Ambassador B says the following to the Rich North participant if they chose the larger, more wasteful portion and *hands Poor South participant a smaller portion of beans.*

Every day,you eat simple food with fewer choices of portion size. There are some days where you get very little to eat. Since your friend in the United States chose to fill up his plate with portions so large that that he will most likely not finish it and will throw much of it away, your already small portion of food is now made even smaller. 
Throwing away unfinished food contributes to global warming because much fossil fuel went into the production of this food, which now is added to our garbage. The earth will heat up, and you will have less to eat. Eat up and move on.

The Ambassador places stickers on the participants. On Rich World the red sticker will be placed. It will say “Food Waste.” On Poor World, the effect will be written on a sticker, saying “Starvation.” At the end of the simulation, they will take the stickers off and read the effects.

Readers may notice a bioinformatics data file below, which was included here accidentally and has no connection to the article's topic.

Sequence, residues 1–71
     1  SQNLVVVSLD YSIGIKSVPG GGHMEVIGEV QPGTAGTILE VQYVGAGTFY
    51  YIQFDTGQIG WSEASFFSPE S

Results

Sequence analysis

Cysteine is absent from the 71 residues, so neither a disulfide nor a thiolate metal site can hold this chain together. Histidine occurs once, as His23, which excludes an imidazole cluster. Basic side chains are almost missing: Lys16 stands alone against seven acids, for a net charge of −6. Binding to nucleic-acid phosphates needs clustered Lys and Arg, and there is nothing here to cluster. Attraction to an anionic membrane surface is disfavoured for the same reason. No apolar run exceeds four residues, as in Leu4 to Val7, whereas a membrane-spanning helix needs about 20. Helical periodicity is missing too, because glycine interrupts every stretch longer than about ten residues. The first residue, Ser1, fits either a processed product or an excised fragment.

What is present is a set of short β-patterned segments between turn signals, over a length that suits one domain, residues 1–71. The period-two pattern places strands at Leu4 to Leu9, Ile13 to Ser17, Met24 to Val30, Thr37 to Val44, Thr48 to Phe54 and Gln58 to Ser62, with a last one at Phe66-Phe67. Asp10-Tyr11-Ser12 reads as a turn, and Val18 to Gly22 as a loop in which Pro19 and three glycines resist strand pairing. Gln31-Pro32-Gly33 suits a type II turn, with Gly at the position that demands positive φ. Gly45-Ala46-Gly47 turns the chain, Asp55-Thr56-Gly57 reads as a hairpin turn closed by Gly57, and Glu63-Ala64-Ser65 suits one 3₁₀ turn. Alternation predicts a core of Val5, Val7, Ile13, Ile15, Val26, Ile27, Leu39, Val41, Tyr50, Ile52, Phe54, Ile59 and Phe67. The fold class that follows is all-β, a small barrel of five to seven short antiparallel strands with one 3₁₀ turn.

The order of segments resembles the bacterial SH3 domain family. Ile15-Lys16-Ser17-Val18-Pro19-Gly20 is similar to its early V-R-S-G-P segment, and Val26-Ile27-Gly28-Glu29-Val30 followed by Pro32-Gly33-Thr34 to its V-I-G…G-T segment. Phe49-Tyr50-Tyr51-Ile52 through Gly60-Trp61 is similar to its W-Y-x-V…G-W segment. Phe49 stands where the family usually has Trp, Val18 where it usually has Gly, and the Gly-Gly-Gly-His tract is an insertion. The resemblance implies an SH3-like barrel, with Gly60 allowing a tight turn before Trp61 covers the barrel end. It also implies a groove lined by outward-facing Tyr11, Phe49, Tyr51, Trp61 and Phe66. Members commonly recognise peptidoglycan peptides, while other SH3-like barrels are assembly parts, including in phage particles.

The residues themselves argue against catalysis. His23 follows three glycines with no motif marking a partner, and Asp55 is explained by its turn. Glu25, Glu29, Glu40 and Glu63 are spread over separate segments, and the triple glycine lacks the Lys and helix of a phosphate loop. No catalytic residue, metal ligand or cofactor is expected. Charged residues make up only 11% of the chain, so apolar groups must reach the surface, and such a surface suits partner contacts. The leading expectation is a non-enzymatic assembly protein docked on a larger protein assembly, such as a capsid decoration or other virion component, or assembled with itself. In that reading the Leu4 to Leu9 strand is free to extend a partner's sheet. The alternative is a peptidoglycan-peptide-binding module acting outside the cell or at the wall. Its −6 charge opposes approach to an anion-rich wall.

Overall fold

Beans 1


Station 2: Electricity
[Table of electronics]

Ambassador C: Hello! My name is (insert name here) and I’m your average college student. In my room along with my roommate, I have an iPhone with an iPhone charger, a laptop and a laptop charger, a television, a lamp, an alarm clock, and a fan. I keep all of these things plugged in and pumping electricity in my dorm 24/7. I never shut out my light when I leave the room. Do you do the same in your home, or do you always unplug your electronics and turn your lights off?

Electronics
Rich North Participant responds, and Leader C says: Thank you for your answer. You can move right along to Leader D. Thanks for stopping by!